Learning to think geographically is learning to think spatially — to consider objects in terms of their location in space, to question why objects are located where they are, and to visualize relationships between and among these objects. One of the key differences between expert and novice geographers is the ability to think spatially. The Geography for Life: National Geography Standards 1994 identified five key geographic skills. They are:
- Asking geographic questions
- Acquiring geographic information
- Organizing geographic information
- Analyzing geographic information
- Answering geographic questions
For fledgling geographers, the most difficult of these skills is the first. Asking geographic questions requires both an understanding of the key perspectives of geography and the knowledge and skills related to spatial thinking. It takes time, guidance, and practice to develop the ability to ask questions related to the “where” and the “how and why there” of a problem. It also takes repeated experiences in thinking spatially to become fluent with spatial concepts, to think in terms of patterns of objects in space (where), and to consider the processes that produce these patterns (how and why there). Maps are an essential tool to organize and display geographic information; patterns and relationships among objects can become apparent on a map in a way that supports spatial thinking and problem solving. Thus learning to think geographically often leads students to a new appreciation for maps and the information they provide.
An important part of the Human Geography part of Global Studies involves using maps to learn significant content, to “think through maps,” as Liben explains it. (Liben 2001, 76). However, human geography students must be critical consumers of maps and other spatial representations. “Maps cannot be seen as separate from the contexts in which they are produced and used” (Morgan and Lambert 2004, 109). Just as texts are written by individuals with varying points of view and can be read and interpreted in different ways, maps are not pure representations of reality but rather social productions subject to critical analysis. When examining a map, the careful consumer should consider the conditions under which it was produced, whether it may be portraying a particular point of view, and what messages it may be conveying about power and perspective. It is important to develop a healthy, critical awareness and skepticism about maps as well as other graphics and images. As the French philosopher Henri Lefebvre (1991) explained, maps and images both represent and reproduce space.
Thinking in Space
- Be aware of your location in space and the role space plays in daily life. When you walk or ride, take note of landmarks and the routes you take. Consider ways you regularly use spatial concepts such as when you pack a bag of groceries, arrange items efficiently in your locker, or maneuver around a traffic jam.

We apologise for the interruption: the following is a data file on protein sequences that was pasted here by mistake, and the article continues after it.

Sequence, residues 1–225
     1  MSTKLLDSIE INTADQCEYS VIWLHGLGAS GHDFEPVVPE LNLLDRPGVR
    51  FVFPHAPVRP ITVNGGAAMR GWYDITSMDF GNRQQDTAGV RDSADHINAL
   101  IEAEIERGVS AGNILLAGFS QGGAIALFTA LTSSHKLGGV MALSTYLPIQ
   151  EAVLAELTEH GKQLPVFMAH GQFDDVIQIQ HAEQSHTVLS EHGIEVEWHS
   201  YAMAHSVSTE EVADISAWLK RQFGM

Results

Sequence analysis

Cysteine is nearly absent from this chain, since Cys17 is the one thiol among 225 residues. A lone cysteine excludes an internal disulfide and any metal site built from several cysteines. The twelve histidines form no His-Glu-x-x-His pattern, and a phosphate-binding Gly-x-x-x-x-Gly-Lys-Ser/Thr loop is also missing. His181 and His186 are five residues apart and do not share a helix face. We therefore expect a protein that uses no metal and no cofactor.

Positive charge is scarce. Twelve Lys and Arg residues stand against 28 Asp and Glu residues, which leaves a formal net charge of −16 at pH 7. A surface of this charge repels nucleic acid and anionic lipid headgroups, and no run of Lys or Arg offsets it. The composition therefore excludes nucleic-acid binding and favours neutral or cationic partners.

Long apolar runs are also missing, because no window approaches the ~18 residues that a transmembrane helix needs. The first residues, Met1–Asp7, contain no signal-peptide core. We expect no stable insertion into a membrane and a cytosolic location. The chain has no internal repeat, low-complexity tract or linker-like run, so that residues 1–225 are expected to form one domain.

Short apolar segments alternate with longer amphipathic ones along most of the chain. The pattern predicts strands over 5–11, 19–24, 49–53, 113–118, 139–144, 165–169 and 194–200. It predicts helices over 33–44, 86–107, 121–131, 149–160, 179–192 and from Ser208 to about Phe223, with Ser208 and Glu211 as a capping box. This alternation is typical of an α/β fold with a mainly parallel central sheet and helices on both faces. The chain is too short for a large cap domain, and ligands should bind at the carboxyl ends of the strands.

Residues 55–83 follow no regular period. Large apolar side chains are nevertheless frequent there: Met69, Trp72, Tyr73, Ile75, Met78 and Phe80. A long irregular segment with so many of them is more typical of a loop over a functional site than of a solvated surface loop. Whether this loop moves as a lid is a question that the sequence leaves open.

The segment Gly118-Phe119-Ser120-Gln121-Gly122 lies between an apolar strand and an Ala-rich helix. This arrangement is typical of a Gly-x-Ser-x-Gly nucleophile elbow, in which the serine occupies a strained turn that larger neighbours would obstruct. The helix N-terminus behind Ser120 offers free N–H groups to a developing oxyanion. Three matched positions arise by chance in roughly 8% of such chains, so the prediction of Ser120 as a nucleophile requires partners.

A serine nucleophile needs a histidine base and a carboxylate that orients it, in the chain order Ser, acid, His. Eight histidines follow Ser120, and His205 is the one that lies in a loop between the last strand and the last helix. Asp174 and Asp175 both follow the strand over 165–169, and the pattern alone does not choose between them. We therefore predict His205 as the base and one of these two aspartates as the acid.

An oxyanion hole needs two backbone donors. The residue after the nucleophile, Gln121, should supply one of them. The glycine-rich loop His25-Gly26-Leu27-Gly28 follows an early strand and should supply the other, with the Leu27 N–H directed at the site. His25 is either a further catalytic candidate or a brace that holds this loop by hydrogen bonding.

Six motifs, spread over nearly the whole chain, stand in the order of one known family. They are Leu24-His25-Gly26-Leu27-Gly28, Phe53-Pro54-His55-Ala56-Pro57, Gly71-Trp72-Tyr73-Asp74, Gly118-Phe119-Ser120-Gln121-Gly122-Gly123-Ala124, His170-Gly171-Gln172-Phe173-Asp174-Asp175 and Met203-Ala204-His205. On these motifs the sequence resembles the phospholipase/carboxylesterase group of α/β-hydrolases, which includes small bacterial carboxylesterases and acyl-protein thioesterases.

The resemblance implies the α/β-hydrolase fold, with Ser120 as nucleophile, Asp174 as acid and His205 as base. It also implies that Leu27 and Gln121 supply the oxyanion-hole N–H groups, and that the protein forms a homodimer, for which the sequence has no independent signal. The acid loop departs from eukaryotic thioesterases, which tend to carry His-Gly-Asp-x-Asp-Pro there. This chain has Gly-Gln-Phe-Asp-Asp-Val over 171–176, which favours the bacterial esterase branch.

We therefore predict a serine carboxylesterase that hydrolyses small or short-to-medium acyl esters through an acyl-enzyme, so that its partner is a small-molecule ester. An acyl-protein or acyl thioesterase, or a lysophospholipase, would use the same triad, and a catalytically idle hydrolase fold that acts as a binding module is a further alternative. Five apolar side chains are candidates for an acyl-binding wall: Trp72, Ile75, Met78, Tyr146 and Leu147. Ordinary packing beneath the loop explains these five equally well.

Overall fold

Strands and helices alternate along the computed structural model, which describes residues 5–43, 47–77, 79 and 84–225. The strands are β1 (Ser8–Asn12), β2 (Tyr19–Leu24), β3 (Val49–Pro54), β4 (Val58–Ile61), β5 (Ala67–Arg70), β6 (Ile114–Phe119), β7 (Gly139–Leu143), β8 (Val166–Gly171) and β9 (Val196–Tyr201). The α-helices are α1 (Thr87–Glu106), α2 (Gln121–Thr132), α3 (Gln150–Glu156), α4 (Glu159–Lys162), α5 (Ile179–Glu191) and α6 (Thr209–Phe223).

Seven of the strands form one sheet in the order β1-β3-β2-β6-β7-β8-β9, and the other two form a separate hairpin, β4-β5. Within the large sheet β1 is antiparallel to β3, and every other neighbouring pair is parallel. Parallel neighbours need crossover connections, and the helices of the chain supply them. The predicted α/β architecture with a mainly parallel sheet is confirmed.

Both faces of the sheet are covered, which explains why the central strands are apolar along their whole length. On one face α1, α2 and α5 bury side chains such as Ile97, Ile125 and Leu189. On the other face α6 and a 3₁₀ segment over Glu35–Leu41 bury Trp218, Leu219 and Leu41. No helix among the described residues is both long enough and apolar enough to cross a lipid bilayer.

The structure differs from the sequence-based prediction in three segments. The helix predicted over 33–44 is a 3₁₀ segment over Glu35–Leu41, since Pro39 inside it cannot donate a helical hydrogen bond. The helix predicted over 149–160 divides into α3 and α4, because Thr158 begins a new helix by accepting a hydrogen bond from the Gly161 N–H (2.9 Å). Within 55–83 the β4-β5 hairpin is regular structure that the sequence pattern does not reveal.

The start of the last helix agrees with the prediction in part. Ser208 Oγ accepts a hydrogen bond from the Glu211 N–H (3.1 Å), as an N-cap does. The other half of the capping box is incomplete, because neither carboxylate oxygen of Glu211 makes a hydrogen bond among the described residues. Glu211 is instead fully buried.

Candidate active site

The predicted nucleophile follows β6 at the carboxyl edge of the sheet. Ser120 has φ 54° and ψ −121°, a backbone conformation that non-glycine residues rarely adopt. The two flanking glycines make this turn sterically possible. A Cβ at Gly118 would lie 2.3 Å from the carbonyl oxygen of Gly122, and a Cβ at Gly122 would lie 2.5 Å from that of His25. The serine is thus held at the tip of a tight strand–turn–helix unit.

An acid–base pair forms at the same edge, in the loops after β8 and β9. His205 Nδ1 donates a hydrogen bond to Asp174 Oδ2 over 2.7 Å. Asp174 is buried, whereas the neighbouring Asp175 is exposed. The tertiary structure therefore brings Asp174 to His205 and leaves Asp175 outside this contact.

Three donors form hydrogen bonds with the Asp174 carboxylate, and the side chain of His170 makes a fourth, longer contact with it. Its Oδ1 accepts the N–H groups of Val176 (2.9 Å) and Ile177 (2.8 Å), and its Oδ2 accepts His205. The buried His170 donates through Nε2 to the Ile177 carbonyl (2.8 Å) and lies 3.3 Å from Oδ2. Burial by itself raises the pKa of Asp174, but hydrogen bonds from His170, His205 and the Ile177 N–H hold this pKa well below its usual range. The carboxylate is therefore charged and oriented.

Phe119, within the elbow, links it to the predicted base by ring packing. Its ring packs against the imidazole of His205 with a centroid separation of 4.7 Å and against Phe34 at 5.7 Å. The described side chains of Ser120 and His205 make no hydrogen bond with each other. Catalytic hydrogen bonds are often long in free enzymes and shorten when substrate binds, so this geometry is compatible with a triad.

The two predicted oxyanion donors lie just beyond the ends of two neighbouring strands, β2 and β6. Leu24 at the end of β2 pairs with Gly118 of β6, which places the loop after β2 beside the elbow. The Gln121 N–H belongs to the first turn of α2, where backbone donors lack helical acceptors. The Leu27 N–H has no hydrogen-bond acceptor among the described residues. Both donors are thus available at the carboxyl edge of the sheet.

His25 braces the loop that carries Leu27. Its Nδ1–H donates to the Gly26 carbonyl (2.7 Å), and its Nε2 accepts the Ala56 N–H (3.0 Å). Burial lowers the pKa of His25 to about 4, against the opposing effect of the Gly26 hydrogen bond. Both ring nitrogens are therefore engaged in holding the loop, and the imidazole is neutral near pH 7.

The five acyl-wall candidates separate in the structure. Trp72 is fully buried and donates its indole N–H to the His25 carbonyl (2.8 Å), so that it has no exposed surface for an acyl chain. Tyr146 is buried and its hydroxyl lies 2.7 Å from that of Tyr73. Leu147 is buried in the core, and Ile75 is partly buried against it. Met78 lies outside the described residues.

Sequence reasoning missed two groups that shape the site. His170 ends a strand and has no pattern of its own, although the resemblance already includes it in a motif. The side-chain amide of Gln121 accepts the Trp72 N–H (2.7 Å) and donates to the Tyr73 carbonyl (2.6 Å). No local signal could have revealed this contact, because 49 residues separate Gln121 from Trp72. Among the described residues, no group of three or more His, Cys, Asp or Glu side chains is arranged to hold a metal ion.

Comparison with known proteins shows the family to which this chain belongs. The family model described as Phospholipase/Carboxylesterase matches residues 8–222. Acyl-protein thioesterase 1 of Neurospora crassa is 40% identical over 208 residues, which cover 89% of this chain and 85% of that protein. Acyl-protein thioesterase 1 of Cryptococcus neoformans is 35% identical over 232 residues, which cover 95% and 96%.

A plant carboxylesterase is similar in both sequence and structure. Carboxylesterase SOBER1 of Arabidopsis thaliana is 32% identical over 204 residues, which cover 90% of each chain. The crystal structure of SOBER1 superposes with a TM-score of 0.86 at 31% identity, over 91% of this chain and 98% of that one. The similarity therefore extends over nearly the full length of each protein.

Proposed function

- Think about how other people perceive and use space. For example, when giving directions, do your friends draw maps or provide written directions? Do they measure distance in time, metrics, or both?
- Examine the ways athletes conceptualize and use space while playing virtual and real games, such as hockey, basketball, Super Mario Strikers, and football.
Thinking About Space
- Use maps as a key resource. Train yourself to look for patterns on maps, noting clusters, associations, outliers, and anomalies in the distributions of objects. Look for changes over space and time as you seek relationships among spatial patterns.
- Collect a wide variety of maps and graphics from newspapers, news magazines, the Internet, and other sources and critique them. Are they clear? Are they accurate? Are they biased?
- Read the maps in your Global Studies textbook carefully. Get as much information as possible from them. Examine them critically. Most students “skip” reading maps and other geographic representations but, as you know, they support and enable spatial thinking.
- Use sketch maps and diagrams to illustrate practice free-response questions. Such representations can help you in at least four ways: to organize your thinking, to illustrate key points you wish to make, to spark your reasoning processes, and to add rigor and structure to your answer.
- Make a special point of using terms associated with space in your geographic discussions. Thinking in terms of points, lines, areas, associations, diffusion, spatial hierarchies, regions, buffers, boundaries, distance decay, nearest neighbor effects, and so on can help to reinforce the development of your spatial-thinking skills.
Thinking with Space
- Set non-spatial ideas into spatial contexts. For example, use concept maps as a tool to think; place similar things close and dissimilar things far away. Consider the connections between objects or ideas and use lines to show relationships.
- Draw diagrams, graphs, and sketches to both communicate and think.